Like Others With Parkinson’s, My Sister Lost Her Sense of Smell
My sister Bev, who has stage 3 Parkinson’s disease (PD), is delighted when the spring equinox arrives in Ohio, where she lives. Gone for the most part are the blustery winter storms and frigid temps. Appearing are the fragrant floral blossoms and the season of smells on the outdoor grill.
But Bev experiences one of the more common nonmotor symptoms of PD, which is loss of smell. She has beautiful lilacs in her yard (a fragrant smell I miss in Arizona), but she cannot smell them, even up close.
My sister started experiencing loss of smell and to some extent loss of taste about seven to 10 years before her PD diagnosis. The medical term for a decreased sense of smell is hyposmia.
Parkinson’s News Today‘s Alice Melão reported on a 2018 study in the Journal of Neurology suggesting that an impaired sense of smell or taste can increase a person’s risk of developing PD by about 2.5 times.
The reason for loss of smell in PD is thought to be related to changes in the brain’s olfactory bulb, which is responsible for sensing smell. Research has shown that the olfactory bulb is smaller in people with PD. Over 90% of people with PD experience a loss of smell.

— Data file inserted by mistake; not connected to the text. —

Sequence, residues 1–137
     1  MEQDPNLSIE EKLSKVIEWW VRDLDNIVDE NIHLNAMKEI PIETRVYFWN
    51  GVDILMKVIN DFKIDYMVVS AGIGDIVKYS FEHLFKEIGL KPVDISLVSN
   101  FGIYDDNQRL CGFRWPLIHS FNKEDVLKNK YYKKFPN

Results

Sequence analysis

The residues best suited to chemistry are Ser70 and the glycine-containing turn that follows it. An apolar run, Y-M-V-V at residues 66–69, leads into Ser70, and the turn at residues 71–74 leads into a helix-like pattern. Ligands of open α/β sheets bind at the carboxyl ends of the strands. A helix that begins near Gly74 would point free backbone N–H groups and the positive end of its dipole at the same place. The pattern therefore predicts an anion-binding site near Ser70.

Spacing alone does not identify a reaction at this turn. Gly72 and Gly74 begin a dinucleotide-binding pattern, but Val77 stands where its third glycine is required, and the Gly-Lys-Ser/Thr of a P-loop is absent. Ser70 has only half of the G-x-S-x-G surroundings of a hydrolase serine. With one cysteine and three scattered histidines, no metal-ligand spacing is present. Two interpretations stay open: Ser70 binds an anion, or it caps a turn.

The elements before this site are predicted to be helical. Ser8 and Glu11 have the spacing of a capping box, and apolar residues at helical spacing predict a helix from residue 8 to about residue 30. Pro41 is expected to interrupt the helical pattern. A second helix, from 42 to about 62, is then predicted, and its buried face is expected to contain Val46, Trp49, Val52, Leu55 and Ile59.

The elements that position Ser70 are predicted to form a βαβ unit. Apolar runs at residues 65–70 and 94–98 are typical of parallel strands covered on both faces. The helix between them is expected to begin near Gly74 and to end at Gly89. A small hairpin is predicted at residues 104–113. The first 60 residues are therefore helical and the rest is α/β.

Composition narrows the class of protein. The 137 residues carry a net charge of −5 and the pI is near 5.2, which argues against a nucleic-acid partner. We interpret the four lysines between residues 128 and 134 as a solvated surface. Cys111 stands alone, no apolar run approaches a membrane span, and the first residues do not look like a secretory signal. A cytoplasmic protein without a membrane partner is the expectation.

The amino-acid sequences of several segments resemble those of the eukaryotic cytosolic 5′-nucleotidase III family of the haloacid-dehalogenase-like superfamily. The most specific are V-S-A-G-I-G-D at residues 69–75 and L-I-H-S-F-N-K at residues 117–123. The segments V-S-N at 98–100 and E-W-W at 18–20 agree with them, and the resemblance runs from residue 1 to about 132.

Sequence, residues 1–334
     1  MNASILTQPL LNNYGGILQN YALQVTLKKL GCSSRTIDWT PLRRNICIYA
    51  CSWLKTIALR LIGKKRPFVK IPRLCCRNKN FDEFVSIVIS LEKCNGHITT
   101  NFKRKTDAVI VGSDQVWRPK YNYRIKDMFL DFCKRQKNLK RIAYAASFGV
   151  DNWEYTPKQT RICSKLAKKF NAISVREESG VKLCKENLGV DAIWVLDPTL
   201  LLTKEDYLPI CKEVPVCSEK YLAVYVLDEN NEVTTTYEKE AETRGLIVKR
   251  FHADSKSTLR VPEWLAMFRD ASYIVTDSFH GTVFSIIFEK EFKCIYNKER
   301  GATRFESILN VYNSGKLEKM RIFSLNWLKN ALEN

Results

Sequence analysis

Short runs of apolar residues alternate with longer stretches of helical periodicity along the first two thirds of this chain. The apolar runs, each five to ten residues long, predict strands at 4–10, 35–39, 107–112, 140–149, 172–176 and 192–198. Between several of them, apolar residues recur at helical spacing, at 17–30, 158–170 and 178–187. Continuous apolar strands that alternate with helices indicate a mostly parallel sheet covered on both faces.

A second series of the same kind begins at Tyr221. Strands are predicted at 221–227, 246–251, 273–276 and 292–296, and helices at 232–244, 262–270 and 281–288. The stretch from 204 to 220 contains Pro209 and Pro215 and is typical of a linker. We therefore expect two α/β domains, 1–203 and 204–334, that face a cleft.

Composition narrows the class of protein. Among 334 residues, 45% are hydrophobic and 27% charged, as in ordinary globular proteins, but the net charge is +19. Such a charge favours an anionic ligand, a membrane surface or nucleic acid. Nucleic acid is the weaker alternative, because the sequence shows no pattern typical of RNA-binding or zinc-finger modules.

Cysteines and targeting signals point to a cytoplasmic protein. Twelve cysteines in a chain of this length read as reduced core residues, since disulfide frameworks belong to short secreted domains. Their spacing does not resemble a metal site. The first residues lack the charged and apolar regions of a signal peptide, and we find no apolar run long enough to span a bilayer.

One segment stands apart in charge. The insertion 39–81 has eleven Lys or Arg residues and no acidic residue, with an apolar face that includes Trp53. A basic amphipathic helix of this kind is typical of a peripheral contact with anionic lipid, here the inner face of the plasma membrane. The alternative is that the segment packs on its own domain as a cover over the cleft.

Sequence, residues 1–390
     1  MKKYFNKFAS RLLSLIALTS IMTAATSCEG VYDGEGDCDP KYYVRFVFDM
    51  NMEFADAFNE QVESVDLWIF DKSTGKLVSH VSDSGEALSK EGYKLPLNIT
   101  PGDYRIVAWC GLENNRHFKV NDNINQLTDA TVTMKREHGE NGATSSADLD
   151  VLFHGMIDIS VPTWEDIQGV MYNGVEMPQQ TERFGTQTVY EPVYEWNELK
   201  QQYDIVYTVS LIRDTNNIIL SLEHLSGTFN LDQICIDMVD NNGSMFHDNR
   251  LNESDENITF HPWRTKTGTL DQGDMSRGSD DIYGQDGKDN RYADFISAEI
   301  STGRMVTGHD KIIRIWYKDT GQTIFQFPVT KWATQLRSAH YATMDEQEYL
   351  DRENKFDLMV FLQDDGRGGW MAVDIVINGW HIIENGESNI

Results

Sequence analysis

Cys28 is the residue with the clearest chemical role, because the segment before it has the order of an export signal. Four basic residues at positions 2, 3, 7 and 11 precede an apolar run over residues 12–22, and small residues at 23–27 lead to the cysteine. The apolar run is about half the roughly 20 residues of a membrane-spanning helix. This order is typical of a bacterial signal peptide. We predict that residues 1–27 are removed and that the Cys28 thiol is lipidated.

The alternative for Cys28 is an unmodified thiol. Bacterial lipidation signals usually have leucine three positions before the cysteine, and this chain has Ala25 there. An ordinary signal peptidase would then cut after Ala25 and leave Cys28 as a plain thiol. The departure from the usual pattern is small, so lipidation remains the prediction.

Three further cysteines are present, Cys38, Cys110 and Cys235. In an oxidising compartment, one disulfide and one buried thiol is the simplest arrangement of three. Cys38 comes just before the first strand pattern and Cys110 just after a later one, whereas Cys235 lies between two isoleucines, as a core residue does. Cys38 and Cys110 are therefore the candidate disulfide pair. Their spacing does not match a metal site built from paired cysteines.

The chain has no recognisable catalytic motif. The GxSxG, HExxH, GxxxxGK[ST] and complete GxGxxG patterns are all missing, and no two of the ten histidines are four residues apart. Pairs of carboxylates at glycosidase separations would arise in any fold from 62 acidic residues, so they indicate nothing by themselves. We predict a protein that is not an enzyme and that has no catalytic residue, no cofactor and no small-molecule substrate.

My sister did receive chemotherapy in the past to treat her colon cancer, which also may have contributed to a decreased sense of smell. She is now an eight-year cancer survivor.
The Michael J. Fox Foundation for Parkinson’s Research notes that, “Most people do not connect losing their sense of smell to a Parkinson’s diagnosis. After developing motor symptoms and talking to a doctor, however, they may recall that years or even decades earlier their ability to smell decreased.”
Recent research has included discovering smell tests that can be used to detect PD at early stages. The usual method of testing smell is the “scratch-and-sniff” method, where common scents are placed on paper or in a container. A study in the Journal of the Royal Society Interface last year used a newer approach for testing the sense of smell through a capsule-based test.
There are of course other reasons that people develop a loss of smell, including allergies, medications, a cold, and advancing age.
Not everyone with a loss of smell develops PD, but it is a symptom to discuss with a healthcare provider if it is an ongoing issue.
Note: Parkinson’s News Today is strictly a news and information website about the disease. It does not provide medical advice, diagnosis, or treatment. This content is not intended to be a substitute for professional medical advice, diagnosis, or treatment. Always seek the advice of your physician or another qualified health provider with any questions you may have regarding a medical condition. Never disregard professional medical advice or delay in seeking it because of something you have read on this website. The opinions expressed in this column are not those of Parkinson’s News Today or its parent company, BioNews, and are intended to spark discussion about issues pertaining to Parkinson’s disease.